John Chrysostom on Purgatory?

Recently, I was reading the Catechism of the Catholic Church. Specifically, I was reading Canon 1032 which states:

**This teaching is also based on the practice of prayer for the dead, already mentioned in Sacred Scripture: “Therefore [Judas Maccabeus] made atonement for the dead, that they might be delivered from their sin.” From the beginning the Church has honored the memory of the dead and offered prayers in suffrage for them, above all the Eucharistic sacrifice, so that, thus purified, they may attain the beatific vision of God. The Church also commends almsgiving, indulgences, and works of penance undertaken on behalf of the dead:

Let us help and commemorate them. If Job’s sons were purified by their father’s sacrifice, why would we doubt that our offerings for the dead bring them some consolation? Let us not hesitate to help those who have died and to offer our prayers for them.(611 St. John Chrysostom, Hom. in 1 Cor. 41,5:PG 61,361; cf. Job 1:5.)**

I went to Job 1, but Job’s children are alive until Job 1:19. Are the first couple verses of the Book of Job a general overview of Job and not sequential with the rest of the story or are these different children that have already passed?

Any and all help is much appreciated.

I don’t think St. John Chrysostom is saying, “Look, Job offered sacrifice for his deceased sons…”; rather, I think he’s saying, “Look, Job offered sacrifice for the sins of his sons, so we can do likewise, even for the dead.” The Maccabees passage refers specifically to sacrifice for the dead; the other to sacrifice for sins in general. They are connected, but it’s not a one-to-one correspondence. That’s my take.

I went to Job 1, but Job’s children are alive until Job 1:19. Are the first couple verses of the Book of Job a general overview of Job and not sequential with the rest of the story or are these different children that have already passed?

Any and all help is much appreciated.And when each feast had run its course, Job would send for them and sanctify them, rising early and offering holocausts for every one of them. For Job said, “It may be that my sons have sinned and blasphemed God in their hearts.” This Job did habitually. These are children that are still alive. Job is offering sacrifice for sins they may have committed in their feasting. St. John Chrysostom is saying that if Job’s live sons could be purified by their father’s sacrifice, then we should not doubt that the dead can also be aided by our offerings if they are still in purgatory.

St Chrysostom, living in New Testament time, recognizes the Communion of Saints - that our connection to our fellow man does not end with their death. In the Mystical Body of Christ, we are united with all those in heaven and those in purgatory, and we continue to do what we can to help each other.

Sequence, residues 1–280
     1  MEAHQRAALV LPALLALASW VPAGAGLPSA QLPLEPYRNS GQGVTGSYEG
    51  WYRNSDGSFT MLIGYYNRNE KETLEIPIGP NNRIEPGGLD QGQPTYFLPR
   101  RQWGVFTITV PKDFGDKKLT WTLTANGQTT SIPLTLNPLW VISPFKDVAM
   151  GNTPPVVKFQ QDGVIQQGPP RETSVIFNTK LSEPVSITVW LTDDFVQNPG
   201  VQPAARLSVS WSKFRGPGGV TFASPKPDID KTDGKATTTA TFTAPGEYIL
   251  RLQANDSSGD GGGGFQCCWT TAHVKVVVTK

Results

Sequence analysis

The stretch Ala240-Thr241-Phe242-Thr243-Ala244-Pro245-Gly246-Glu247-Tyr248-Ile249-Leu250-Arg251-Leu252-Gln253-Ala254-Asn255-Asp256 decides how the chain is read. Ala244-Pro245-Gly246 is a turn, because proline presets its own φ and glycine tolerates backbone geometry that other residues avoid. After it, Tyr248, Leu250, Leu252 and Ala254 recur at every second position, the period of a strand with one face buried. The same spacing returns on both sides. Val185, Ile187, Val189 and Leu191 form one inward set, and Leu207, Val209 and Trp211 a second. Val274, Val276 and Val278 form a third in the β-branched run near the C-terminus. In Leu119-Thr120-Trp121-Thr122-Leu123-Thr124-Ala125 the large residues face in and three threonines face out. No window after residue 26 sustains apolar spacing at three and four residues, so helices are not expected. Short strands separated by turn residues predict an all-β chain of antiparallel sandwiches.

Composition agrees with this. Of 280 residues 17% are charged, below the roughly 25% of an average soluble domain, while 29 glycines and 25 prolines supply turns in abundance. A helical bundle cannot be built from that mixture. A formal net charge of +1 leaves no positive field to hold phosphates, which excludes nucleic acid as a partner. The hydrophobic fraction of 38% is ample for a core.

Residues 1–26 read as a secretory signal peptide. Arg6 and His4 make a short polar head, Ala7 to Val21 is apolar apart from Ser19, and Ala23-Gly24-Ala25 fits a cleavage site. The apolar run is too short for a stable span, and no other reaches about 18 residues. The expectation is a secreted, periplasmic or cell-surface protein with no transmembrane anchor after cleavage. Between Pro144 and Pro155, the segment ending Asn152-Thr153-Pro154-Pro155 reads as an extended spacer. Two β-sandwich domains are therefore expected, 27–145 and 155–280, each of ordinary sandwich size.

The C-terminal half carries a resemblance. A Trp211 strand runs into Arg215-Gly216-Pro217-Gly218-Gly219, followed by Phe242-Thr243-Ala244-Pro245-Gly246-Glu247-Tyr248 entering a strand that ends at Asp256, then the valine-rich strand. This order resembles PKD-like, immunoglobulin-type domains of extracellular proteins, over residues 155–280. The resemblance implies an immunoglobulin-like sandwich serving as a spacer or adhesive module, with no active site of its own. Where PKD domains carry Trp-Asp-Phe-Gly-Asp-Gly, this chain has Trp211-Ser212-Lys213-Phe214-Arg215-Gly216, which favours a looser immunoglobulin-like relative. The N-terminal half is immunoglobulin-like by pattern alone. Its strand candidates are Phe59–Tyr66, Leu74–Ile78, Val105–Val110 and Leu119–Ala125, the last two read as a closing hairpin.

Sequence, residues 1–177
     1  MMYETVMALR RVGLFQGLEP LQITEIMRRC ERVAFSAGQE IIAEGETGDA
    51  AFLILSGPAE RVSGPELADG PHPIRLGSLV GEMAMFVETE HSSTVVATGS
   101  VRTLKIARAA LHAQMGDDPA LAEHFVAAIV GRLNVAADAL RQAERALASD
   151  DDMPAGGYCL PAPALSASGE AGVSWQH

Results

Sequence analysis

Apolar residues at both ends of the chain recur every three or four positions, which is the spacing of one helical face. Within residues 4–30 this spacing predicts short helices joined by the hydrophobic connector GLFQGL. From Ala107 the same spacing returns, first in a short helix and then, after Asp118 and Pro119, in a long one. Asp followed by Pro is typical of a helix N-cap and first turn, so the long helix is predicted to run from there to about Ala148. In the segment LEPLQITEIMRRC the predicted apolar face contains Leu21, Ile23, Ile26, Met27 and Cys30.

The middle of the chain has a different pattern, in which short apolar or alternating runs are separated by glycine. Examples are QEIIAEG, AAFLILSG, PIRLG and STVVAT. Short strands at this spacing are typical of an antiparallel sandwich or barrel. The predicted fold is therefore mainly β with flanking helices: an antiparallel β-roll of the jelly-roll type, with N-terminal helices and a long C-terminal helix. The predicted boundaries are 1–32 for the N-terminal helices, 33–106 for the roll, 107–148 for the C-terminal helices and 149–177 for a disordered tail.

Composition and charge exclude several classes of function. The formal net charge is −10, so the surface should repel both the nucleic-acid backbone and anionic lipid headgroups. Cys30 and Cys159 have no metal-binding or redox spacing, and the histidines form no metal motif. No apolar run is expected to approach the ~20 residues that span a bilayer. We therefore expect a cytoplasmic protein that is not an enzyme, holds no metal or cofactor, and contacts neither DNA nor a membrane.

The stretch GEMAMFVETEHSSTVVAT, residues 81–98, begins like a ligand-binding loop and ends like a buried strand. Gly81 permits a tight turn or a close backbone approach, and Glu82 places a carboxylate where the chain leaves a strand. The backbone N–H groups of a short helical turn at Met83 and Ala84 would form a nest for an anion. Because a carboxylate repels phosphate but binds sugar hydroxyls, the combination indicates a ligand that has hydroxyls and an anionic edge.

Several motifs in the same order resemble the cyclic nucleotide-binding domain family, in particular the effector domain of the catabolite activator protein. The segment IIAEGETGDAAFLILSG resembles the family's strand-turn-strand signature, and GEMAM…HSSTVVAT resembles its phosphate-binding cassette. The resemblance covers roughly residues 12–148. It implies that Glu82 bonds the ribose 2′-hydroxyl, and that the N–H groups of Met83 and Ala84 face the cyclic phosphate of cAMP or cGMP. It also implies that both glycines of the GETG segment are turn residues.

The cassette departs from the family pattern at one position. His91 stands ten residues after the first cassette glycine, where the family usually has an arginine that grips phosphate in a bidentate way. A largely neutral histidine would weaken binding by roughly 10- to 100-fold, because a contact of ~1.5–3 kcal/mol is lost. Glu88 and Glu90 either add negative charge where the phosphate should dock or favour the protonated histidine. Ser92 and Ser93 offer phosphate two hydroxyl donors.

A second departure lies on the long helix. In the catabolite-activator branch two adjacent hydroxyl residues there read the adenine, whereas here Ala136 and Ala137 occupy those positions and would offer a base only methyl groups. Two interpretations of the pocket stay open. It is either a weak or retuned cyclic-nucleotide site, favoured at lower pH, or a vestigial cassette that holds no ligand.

St John Chrysostom is making an analogy, not an identity. Nothing complex about it. :slight_smile:

The quote in the *Catechism *from St John Chrysostom’s Homily 41 on 1 Corinthians can be found here in context, in the paragraph marked as 8.

In an earlier paragraph of the same homily, in the paragraph marked as 7, St John wrote something equally ambiguous concerning Job:
“And Job grieved indeed, but so much as was proper for a father who loved his children and was very solicitous for the departed…”

Does St John simply mean that Job was very solicitous for the departed before their death or does he mean that Job was also very solicitous for the departed after their death? The only verse I can think of that suggests Job did anything for the departed after their death besides moderately grieve for them is Job 1:5, which says indefinitely concerning the burnt offerings he offered for the sins of his children, “Thus Job did continually.”

St John Chrysostom says nothing about any ‘purgatory’ in that homily.

Scroll down to the section headed “1 Corinthians 15:46” and go to the paragraphs under “8.” In the third paragraph under that number, you’ll find the passage quoted in the opening post: … why would we doubt that our offerings for the dead bring them some consolation? Let us not hesitate to help those who have died and to offer our prayers for them. St. Chrysostom’s words there most certainly are referring to those in purgatory even though he doesn’t use the actual word “purgatory”.

His words perfectly describe perfectly the belief of the Orthodox Church, and we do not believe in any ‘purgatory’, so it would appear that Catholics are reading their own beliefs back into St John Chrysostom’s words.

What do Orthodox call the place/state of departed souls who still need “help” and can benefit from prayers we offer for them?